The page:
Friday, May 5, 2017

Guardians of the Galaxy Vol. 2 movie review.

This time three years ago, few people would have known who the Guardians of the Galaxy were. They were a particularly niche and obscure brand within Marvel Comics' storied history, given that their main cast included a tree man and a talking raccoon. So in an effort to expand on their ongoing cinematic universe, the company took a big gamble by giving the team of "A-holes" their own movie, which became a big hit back in its late summer release, becoming the company's breakout success.

The film played out like a long, unabashed love letter to 70's and 80's pop culture, becoming a Raiders of the Lost Ark of its day, and had one sweet soundtrack to go along with it. As the first big release of the summer movie season, director James Gunn is back to unleash his dysfunctional creations in one more quest to save the galaxy in Vol. 2, with all the irreverence that you would expect. So what have our fine heroes gotten themselves into this time?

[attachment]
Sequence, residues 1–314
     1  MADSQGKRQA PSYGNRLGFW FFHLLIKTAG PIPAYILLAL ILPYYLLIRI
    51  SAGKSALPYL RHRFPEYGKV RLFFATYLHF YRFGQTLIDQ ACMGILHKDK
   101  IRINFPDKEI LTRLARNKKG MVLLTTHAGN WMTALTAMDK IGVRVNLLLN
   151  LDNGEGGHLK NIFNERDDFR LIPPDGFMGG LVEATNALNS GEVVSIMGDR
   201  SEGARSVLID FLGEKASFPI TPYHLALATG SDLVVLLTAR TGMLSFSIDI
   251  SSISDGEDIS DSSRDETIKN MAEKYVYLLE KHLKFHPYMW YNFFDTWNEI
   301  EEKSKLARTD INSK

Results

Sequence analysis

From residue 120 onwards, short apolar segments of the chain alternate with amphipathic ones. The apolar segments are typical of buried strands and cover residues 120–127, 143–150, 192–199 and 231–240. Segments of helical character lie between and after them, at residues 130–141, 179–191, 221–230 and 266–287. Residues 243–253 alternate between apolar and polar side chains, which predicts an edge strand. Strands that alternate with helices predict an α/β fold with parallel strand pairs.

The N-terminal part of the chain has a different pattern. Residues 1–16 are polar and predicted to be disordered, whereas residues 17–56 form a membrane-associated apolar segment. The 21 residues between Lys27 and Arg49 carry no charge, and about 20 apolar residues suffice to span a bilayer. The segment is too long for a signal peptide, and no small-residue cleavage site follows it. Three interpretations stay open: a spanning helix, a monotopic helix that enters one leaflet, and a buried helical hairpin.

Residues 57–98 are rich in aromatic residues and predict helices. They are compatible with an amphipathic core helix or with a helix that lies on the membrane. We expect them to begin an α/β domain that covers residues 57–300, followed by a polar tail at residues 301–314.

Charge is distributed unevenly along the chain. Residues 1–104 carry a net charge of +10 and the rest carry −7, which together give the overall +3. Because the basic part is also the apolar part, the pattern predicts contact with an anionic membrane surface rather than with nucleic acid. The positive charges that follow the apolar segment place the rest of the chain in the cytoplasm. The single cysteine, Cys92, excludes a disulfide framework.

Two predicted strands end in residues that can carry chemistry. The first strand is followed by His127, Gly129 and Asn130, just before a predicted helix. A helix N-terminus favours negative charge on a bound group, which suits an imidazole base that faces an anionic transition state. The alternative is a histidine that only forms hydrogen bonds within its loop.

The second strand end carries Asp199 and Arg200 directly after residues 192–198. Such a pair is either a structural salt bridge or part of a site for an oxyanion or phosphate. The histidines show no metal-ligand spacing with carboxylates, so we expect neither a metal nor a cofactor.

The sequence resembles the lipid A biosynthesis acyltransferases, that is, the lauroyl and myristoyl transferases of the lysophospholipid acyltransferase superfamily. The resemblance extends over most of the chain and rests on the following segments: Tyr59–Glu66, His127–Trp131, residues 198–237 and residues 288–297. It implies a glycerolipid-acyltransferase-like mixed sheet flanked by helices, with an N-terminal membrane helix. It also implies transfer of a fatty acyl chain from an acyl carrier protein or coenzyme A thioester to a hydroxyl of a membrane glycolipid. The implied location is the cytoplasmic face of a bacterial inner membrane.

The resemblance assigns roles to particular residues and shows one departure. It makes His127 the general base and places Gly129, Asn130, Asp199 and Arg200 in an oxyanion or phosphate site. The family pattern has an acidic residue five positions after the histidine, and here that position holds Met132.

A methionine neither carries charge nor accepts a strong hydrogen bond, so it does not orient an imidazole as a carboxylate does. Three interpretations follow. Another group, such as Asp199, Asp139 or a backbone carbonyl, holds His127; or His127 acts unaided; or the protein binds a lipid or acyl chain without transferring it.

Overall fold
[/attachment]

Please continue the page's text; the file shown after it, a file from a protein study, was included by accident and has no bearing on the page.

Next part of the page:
It's just another day of business for the Guardians of the Galaxy (led by Chris Pratt's Peter Quill, and rounded out by Zoe Saldana's Gamora, Dave Bautista's Drax, Bradley Cooper's Rocket, and Vin Diesel's now Baby Groot), but when their ship is destroyed, they eventually cross paths with a mysterious figure from Peter's past, his long absent father Ego (Kurt Russell). With the team separated between visiting Ego's home planet, and others fending off a mutinous band of Ravagers and Sovereign squadrons, the Guardians soon team up with Michael Rooker's Yondu, Karen Gillan's Nebula, and Pom Klementieff's Mantis as they try to save the universe from calamity once again.